Parents who have children with special needs go through basic procedures before meeting teachers for the first time. Planning to have a successful first parent-teacher conference requires an understanding of both parties’ positions and concerns. In addition, when your child has an individualized education program (IEP), you must attend IEP meetings with school staff. Coordinating these meetings is essential for helping your child receive the best overall education.
How Do I Prepare for the First Parent–Teacher Conference?
Planning for the first official meeting with your child’s teacher should begin weeks before the big event. Never wait until the night before the parent–teacher conference to prepare what you are going to say and do. Typically, it is wise if you take notes when you attend your child’s Back-to-School Night. You should carefully observe the teacher and the classroom. Later on, you can send the teacher an email to identify any initial concerns prior to a formal conference. By doing this, you’ll avoid any misunderstandings and make sure that you are both on the same page.
What Can I Do During This Conference?
Your goal should be to help the teacher to hold an effective parent-teacher conference. First of all, allow the teacher to take the “lead” and actively listen to what he or she is saying. This is a process of taking turns in which you let the teacher speak before you react. The conference should be a give-and-take exchange that helps you to learn the teacher’s overall expectations before you offer suggestions, ask questions or make comments. The whole idea is for you and the teacher to form a team—a partnership that works together for the benefit of your child.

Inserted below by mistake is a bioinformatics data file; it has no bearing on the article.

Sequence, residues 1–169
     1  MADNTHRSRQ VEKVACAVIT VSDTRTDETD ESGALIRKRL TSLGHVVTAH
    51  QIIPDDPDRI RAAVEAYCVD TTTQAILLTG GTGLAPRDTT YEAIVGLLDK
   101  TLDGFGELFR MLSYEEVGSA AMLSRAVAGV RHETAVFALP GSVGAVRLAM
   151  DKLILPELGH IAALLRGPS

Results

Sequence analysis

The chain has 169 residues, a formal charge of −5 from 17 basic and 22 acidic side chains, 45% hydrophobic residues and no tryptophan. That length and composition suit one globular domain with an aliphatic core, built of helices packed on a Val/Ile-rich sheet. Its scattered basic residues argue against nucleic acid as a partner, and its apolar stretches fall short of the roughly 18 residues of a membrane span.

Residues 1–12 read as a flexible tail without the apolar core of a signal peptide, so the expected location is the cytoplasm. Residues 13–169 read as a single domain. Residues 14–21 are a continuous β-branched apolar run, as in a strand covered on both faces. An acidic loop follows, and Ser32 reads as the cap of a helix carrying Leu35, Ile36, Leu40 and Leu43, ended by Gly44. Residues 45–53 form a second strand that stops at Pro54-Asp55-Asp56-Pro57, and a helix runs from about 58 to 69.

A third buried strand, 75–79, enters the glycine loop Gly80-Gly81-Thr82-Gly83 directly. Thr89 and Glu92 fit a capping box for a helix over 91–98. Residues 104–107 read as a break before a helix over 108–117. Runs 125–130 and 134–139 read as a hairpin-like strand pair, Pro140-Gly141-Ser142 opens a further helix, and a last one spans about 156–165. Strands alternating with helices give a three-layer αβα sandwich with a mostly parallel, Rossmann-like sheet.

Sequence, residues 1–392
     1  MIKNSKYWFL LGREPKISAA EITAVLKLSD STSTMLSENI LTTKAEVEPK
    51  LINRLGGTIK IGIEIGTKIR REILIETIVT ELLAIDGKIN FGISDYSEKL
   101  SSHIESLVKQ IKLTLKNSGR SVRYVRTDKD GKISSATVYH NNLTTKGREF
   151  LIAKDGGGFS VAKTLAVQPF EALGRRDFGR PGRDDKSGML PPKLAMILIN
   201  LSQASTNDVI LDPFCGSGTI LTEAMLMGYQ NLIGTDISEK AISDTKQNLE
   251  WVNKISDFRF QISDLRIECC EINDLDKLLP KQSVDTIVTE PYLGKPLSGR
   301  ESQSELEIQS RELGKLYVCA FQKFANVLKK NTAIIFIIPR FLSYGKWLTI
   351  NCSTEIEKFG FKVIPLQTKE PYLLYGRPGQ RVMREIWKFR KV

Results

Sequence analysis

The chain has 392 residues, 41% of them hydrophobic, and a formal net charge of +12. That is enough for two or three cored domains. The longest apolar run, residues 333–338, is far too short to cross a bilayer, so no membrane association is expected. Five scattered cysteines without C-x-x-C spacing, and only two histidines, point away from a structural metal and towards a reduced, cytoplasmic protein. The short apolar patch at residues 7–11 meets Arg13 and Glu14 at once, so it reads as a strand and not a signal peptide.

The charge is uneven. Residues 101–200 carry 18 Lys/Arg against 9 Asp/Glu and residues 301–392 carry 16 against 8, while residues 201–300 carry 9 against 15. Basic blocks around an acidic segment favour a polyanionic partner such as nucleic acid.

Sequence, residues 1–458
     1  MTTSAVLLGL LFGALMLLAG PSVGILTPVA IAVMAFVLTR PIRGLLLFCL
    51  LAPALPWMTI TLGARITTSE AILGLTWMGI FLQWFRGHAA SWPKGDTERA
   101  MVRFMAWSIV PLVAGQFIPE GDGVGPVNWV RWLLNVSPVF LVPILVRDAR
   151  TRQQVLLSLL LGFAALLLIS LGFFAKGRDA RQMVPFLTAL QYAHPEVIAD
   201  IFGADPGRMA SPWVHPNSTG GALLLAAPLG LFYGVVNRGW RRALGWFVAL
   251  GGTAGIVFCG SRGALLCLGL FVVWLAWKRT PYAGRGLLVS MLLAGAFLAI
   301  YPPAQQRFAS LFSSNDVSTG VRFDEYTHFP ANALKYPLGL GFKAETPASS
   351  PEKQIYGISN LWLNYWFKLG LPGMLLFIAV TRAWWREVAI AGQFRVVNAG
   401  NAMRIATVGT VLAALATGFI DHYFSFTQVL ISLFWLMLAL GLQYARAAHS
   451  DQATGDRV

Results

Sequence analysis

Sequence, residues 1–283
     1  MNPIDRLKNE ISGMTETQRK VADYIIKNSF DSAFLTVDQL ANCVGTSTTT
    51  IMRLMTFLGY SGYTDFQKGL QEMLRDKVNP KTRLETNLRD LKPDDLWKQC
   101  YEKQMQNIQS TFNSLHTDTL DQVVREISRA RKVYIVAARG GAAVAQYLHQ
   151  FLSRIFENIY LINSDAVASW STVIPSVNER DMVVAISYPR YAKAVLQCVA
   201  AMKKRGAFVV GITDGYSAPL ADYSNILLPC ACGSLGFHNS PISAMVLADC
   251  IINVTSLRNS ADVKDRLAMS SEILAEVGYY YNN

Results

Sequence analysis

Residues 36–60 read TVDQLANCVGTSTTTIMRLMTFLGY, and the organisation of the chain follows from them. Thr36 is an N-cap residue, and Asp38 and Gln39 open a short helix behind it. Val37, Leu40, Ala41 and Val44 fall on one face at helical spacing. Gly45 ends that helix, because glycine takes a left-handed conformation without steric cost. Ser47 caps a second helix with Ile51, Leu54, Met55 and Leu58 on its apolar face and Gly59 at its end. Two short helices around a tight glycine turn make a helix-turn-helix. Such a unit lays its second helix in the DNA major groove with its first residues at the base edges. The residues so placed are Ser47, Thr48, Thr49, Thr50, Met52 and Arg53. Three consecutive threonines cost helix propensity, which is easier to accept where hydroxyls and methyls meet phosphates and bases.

What Do I Do After the Conference?
Following the first conference meeting, you must keep track of a schedule that includes important dates, such as projects, tests, marking periods, etc. Keep a log book or journal along with a calendar to mark down key information regarding your child’s instruction and progress. Next, maintain two-way communication between you and the teacher that supports regular contact and collaboration. Moreover, do your part to help your child to achieve home study and IEP expectations.
Following It Up
After your first meeting with your child’s teacher, you should feel both engaged and empowered. You should know what the teacher expects of your child and you should know how to facilitate his or her progress. Above all, you should be assured that the school and teacher will provide your child with effective special services. Understand that through teamwork, you and your child’s teacher can solve any problem in a positive way.